This is the season of giving. We give gifts, we give of our time, and we give food. For decades, when Thanksgiving rolled around, I would volunteer my time at a soup kitchen, dishing up turkey and dressing for those less fortunate. Sometimes I’d donate a can or two from my home pantry for my church’s White Christmas canned food drive. But if I am to be completely honest, the cans were something that was usually old, possibly out of date, and most likely a food item I didn’t want. Occasionally, I would give a box of toys to an agency that made sure they got to kids in need. It wasn’t until I founded Extra Table that I realized that those in need of food are just as hungry in the spring, summer, and fall as they are around Thanksgiving and Christmas. Food insecurity doesn’t go away after New Year’s Day.
That’s why we go to great lengths at Extra Table to spread our deliveries of fresh, healthy food to our partner agencies all throughout the year.
Extra Table was founded fortuitously. Eleven years ago, I received a phone call from The Edwards Street Fellowship Center, a mission pantry in my hometown of Hattiesburg, that was feeding 800 families a month. They had completely run out of food and asked if I could help them stock the shelves of their small mission pantry before their clients arrived in a few days. “I’d be happy to,” I said. Out of that one phone call a statewide charity was born.
Extra Table is based on the premise— what if every home and business had an extra table where they could feed those in need. I started purchasing food at wholesale prices and had the food delivered to Edwards Street, and within a few months, to other agencies all across the state.
To be honest, in those early days, I was a little skeptical that there was even a hunger problem in Mississippi. A poor, third-world country? Sure. But here in America? Certainly not. I went on a fact-finding mission across the state and learned quickly that there is a HUGE problem.
Over 600,000 Mississippians suffer from what the government calls “food insecurity.” Over 200,000 of those are kids who eat a school breakfast, a school lunch, and then don’t eat again until the next morning. Over 120,000 are seniors who are— at this moment— trying to figure out if they can pay the light bill or go to the grocery store. During a global pandemic those numbers increase at a very alarming rate.
There are plenty of agencies across the state who are providing food to those in need. The problem is that many of them can’t keep enough food on the shelves, and many times the food is very unhealthy.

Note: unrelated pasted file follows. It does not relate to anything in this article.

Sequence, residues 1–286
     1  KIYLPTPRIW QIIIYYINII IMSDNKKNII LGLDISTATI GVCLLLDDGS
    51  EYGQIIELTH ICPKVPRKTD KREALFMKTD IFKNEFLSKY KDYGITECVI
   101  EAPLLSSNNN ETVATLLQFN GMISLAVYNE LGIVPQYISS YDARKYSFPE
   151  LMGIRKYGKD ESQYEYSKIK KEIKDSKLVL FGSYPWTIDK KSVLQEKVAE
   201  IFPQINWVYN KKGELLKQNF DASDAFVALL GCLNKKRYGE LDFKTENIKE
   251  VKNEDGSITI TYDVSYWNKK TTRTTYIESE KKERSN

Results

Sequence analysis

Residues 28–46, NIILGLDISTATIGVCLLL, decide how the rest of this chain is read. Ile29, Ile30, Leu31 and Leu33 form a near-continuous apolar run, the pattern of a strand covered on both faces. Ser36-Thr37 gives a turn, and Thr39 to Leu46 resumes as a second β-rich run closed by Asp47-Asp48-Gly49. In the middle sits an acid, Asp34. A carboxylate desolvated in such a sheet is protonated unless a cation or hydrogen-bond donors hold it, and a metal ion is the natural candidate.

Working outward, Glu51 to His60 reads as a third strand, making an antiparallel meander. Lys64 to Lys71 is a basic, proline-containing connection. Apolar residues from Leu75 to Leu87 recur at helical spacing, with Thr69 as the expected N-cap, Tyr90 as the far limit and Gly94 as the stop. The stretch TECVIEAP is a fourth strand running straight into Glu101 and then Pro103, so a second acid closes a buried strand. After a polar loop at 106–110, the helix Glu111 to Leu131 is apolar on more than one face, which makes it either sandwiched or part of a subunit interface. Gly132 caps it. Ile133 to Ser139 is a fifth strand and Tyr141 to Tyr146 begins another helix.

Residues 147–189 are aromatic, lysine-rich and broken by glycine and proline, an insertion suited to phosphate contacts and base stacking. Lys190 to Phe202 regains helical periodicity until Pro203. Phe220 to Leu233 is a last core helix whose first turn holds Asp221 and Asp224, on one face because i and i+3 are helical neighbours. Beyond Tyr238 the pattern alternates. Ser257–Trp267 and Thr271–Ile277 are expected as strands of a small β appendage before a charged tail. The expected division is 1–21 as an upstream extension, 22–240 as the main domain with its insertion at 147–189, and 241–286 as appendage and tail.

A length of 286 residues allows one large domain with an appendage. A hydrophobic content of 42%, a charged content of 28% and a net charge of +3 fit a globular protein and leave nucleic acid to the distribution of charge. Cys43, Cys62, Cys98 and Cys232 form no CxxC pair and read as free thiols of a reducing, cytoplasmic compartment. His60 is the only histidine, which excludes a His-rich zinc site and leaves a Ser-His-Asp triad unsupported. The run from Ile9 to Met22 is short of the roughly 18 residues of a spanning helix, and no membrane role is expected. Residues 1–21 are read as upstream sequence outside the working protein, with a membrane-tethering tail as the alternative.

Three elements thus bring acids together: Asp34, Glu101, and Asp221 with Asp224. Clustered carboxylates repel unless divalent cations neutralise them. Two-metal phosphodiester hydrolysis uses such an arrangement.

I founded Extra Table on two key principles: 100% of the money we raise for food will always go towards purchasing food— and— the food we distribute to agencies will always be healthy food.
Back then, Mississippi was number one in food insecurity, but also number one in obesity. Originally, I had a problem reconciling those two. But I quickly learned that people who don’t have enough money to lead proper diets live out of convenience stores, drinking cheap sugar-laden beverages and eating junk food. It’s real. It’s here. It’s a massive problem. And it’s not just in the areas and neighborhoods one might expect. There are children, seniors, and veterans missing meals and living on the edge of starvation in neighborhoods and counties next to you, no matter where you live in this state. The problem is widespread. One out of five Mississippians suffer from food insecurity.
Today, through the steady leadership of Extra Table executive director, Martha Allen and her staff of one (an unprecedented staff size for a non-profit that effectively covers an entire state), Extra Table ships over 30 tons of fresh, healthy food, every month, to 51 agencies all over Mississippi, from the Coast to the Delta, all through the Hill country, and many points in between. In addition to that 30 tons per month going to 51 agencies, Extra Table has also distributed over 360,000 fresh eggs, over 600,000 gallons of milk, over two tons of liquid eggs, fields of Salad Days lettuces, squash from Two Dog Farms, and more than 12 tons of rice from Mike Wagner’s Two Brooks Farm in the Delta to Mississippians in need during this eight-month COVID crisis.
We have also distributed over 25,000 masks. Last week we distributed over $50,000.00 of Mississippi Gulf Coast shrimp, and this week we partnered with the Beau Rivage Casino to distribute 600 turkeys.
It’s all done through the help of Chow Purchasing, and the kindness of volunteers and donors who have a passion for feeding our Mississippi neighbors in need. To them I say, “Thank you. Well done.” But there is still so much to do.
We may all agree that November and December are a time of giving, but Mississippi schoolchildren in need are just as hungry in June and July. If you would like to help feed your Mississippi neighbors in need, go to extratable.org and see how you, too, can live in the solution.
After four decades in the restaurant industry, I often ask myself a question: “At the end of the day, do I want to be the guy who fed people filet mignon, or do I want to be the guy who fed people canned tuna?” It’s an easy answer. Canned tuna wins every time.
Have a blessed holiday season, stay safe, stay well, take care of one another, and please remember your 600,000+ neighbors who don’t know from where their next meal might come.